Japanese researchers realize world's first oxidation reaction with well-defined molecular alignment, spin directions

May 28, 2012
Fig: Control of the alignment of the O2 molecular axis by the magnetic field direction and (bottom) time evolution of the O2 adsorption probability on the Si (100) surface, showing that the reaction probability changes greatly when the O2 alignment is changed in accordance with a control signal.

Japanese researchers developed the world’s first O2 molecular beam which enables designation of the alignment of the molecular axis and spin direction.

A research group consisting of Dr. Mitsunori Kurahashi, Principal Researcher, and Dr. Yasushi Yamauchi, Group Leader of the Spin Characterization Group, both of the Nano Characterization Unit of the National Institute for Materials Science, developed the world’s first O2 molecular beam which enables us to designate the alignment of the molecular axis and spin direction. The NIMS researchers applied this beam to the surface oxidation of silicon, and discovered that only oxygen molecules with the molecular axis nearly parallel to the surface contribute to the silicon oxidation.

Molecular oxygen (O2) is one of the most important chemical species in virtually all fields of fundamental science and materials development. O2 has an anisotropic shape, i.e., is a linear molecule, and possesses spin originating from two unpaired electrons. However, until now, there have been no experimental methods which enable us to investigate how the shape and spin of an O2 molecule influence oxidation reactions. Even though the initial oxidation of silicon has been studied in detail to understand the thermal oxidation of silicon used for fabricating gate insulator films, the origin of the particularly low initial reaction probability has not been understood well.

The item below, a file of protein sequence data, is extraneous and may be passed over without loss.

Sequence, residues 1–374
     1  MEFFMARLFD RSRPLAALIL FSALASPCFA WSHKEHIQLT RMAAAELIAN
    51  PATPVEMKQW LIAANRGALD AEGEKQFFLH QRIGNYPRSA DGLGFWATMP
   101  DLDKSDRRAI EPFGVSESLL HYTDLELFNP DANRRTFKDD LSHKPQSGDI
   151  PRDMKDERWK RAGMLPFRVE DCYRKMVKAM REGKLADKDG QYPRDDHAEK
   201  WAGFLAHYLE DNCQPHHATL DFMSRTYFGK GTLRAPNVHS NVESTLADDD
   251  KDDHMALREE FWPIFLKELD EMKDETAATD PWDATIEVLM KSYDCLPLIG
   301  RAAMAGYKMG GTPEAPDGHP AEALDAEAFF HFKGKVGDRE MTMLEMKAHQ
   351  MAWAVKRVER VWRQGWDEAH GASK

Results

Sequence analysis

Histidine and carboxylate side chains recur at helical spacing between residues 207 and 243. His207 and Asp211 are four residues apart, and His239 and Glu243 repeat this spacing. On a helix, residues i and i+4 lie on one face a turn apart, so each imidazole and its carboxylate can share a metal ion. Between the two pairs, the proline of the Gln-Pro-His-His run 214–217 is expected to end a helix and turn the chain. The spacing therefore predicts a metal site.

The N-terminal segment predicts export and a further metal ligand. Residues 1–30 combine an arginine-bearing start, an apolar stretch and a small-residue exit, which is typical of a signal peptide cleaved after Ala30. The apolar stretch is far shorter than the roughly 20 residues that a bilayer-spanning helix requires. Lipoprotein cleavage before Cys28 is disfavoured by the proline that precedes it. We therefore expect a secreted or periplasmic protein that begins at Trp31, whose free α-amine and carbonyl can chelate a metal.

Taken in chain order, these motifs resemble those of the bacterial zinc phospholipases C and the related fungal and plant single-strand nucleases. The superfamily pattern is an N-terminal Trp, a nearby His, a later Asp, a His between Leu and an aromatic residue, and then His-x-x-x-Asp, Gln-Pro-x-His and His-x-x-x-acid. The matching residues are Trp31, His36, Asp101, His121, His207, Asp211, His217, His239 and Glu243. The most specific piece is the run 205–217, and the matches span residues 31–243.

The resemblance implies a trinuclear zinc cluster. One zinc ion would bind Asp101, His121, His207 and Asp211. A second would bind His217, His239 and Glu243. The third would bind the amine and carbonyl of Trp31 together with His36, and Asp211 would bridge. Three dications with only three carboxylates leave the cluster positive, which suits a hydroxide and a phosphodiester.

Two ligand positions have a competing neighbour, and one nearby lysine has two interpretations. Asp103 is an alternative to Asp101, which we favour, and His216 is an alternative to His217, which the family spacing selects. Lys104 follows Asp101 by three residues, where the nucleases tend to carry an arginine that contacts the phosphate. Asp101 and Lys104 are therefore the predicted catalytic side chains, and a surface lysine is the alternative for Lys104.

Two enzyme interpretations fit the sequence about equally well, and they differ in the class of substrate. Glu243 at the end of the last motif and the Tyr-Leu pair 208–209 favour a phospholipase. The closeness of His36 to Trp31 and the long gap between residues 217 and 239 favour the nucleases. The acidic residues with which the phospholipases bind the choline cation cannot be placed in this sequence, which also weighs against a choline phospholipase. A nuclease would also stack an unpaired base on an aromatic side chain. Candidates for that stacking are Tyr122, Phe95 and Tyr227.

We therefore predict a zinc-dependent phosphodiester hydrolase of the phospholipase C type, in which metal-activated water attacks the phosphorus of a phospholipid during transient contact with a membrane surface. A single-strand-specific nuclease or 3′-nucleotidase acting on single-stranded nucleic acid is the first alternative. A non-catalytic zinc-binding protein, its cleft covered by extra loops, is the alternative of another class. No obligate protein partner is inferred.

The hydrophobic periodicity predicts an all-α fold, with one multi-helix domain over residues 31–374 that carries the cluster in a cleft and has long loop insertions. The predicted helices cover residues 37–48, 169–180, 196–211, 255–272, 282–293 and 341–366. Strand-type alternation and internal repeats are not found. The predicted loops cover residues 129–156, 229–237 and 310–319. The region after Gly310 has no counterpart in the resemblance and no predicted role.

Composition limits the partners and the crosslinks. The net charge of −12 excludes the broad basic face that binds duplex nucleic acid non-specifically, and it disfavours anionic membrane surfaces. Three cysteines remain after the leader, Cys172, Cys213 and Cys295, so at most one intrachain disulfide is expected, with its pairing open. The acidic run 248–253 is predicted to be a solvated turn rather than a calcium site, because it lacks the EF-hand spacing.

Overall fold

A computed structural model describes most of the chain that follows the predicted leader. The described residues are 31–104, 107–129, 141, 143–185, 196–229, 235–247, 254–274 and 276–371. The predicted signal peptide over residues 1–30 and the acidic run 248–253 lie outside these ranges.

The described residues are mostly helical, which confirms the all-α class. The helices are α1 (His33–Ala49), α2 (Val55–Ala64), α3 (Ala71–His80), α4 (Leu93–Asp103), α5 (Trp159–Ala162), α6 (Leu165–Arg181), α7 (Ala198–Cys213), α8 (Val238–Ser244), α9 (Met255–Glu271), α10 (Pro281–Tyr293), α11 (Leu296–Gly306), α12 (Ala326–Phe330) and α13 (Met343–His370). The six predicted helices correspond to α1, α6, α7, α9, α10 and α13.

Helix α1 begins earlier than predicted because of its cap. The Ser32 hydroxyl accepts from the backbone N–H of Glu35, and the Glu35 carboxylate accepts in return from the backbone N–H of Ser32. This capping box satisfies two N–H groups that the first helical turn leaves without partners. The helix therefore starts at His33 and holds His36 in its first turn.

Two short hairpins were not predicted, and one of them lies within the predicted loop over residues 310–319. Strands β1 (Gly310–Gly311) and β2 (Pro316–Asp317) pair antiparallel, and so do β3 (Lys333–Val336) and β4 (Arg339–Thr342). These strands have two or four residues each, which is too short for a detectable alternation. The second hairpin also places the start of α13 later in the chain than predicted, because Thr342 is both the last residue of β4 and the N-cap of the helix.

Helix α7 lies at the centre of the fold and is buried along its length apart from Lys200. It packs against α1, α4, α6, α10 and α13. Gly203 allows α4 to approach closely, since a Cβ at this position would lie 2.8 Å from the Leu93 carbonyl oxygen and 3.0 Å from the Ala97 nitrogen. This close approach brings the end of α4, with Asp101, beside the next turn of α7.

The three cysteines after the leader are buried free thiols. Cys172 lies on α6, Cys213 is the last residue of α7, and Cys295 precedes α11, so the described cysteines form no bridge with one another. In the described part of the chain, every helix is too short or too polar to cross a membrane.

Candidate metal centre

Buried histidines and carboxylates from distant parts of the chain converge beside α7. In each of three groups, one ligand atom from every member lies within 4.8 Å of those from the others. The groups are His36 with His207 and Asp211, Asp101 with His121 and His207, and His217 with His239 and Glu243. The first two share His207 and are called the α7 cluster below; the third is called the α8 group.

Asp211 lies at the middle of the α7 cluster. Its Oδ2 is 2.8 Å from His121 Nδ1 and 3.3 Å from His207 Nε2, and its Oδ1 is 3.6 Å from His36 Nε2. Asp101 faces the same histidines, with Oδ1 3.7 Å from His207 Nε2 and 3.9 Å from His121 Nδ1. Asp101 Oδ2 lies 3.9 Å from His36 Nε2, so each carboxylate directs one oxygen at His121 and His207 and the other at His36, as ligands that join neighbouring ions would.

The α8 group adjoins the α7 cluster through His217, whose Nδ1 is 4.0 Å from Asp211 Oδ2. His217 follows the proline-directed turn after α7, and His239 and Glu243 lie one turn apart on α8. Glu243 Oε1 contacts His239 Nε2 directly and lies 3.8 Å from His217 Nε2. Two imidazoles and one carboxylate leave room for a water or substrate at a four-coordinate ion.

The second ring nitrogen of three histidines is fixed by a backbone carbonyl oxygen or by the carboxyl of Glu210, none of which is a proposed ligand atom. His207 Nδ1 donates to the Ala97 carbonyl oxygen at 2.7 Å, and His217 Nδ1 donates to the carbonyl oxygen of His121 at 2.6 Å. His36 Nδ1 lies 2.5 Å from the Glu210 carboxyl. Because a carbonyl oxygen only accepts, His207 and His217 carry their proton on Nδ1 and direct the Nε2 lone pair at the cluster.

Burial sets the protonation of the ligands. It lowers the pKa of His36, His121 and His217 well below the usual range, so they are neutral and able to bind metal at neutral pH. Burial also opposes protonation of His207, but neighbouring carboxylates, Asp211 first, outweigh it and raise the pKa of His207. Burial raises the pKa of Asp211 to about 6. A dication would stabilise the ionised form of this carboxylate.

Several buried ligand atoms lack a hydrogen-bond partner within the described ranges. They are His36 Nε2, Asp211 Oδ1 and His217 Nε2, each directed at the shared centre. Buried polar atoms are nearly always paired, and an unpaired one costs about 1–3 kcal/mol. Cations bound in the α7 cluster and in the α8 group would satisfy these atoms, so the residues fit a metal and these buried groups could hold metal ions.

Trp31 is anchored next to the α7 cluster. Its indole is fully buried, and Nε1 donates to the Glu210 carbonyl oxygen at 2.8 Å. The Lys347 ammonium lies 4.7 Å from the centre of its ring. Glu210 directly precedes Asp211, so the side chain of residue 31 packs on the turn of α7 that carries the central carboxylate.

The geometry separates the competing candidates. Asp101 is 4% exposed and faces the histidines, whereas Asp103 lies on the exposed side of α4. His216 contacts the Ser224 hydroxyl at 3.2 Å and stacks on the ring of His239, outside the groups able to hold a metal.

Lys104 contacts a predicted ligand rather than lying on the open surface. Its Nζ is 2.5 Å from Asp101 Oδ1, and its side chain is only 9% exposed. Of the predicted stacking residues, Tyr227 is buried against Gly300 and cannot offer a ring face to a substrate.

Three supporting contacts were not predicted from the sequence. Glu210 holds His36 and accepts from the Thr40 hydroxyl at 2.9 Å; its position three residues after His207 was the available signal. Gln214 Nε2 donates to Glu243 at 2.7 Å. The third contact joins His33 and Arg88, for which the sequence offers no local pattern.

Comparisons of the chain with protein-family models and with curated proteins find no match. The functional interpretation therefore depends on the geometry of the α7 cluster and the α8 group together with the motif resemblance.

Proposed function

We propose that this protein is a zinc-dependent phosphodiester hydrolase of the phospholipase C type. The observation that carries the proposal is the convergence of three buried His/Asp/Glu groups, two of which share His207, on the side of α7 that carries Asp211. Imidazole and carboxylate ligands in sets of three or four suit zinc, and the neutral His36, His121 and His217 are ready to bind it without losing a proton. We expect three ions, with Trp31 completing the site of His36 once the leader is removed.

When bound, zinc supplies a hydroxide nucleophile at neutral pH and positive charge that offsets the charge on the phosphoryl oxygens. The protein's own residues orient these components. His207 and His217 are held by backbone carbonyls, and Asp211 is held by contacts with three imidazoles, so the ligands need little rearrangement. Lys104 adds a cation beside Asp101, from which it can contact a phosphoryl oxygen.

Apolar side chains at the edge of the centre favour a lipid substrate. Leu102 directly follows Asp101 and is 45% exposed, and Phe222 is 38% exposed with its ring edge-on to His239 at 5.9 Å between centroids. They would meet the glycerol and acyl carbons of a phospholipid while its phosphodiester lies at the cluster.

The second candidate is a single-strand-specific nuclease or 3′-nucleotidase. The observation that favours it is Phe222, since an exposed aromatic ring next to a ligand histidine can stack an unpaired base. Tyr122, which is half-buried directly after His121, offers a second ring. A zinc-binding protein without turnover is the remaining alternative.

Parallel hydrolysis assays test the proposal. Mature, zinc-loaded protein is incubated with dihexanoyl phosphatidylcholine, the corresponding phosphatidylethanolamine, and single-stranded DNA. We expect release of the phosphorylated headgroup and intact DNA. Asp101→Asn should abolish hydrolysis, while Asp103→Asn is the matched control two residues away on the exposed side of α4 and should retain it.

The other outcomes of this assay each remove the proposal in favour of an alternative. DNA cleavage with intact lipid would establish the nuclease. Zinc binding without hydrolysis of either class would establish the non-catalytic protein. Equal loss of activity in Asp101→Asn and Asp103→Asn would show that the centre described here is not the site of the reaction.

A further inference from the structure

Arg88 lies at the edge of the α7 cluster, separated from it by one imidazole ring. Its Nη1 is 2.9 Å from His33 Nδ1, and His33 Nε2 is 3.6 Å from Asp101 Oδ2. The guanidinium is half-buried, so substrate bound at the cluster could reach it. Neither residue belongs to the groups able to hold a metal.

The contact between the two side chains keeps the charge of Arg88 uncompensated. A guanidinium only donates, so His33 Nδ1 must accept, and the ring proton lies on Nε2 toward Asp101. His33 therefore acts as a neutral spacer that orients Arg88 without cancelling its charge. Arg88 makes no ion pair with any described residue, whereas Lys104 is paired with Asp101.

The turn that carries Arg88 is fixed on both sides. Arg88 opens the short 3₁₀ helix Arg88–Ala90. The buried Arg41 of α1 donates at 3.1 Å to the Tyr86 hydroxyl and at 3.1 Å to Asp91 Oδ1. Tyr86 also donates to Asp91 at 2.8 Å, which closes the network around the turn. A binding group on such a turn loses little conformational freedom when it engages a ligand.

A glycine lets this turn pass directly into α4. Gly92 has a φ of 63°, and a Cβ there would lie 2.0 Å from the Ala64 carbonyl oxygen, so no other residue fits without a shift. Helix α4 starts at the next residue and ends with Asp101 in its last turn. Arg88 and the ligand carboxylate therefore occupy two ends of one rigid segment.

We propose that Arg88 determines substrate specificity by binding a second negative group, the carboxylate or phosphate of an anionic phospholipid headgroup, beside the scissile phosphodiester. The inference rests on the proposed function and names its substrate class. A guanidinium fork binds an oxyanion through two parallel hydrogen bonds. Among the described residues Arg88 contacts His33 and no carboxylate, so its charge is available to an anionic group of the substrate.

Using the magnetic hexapolar field technique, the team headed by Dr. Kurahashi developed the world’s first single quantum state-selected O2 beam which enables us to designate both the alignment of the molecular axis and the spin direction. By applying this beam to the surface oxidation of silicon, Dr. Kurahashi’s team discovered that only O2 molecules with the molecular axis nearly parallel to the surface contribute to the silicon oxidation. This research clarified that the silicon oxidation is inefficient due to the stringent geometrical requirement for the O2 axis direction, and only those molecules that satisfy a certain angular condition can participate in the reaction.

This research established a new experimental technique for analyzing the effects of the O2 alignment and the spin direction on oxidation reactions, and elucidated the origin of the inefficiency in the silicon oxidation. This technique not only enables us to scrutinize the mechanism of oxidation, but also opens up a possibility to control reactions or create new high quality materials by controlling the O2 alignment and/or spin direction.

The results were published on April 19 in the online edition of Physical Review B (Rapid Communication) of the American Physical Society.

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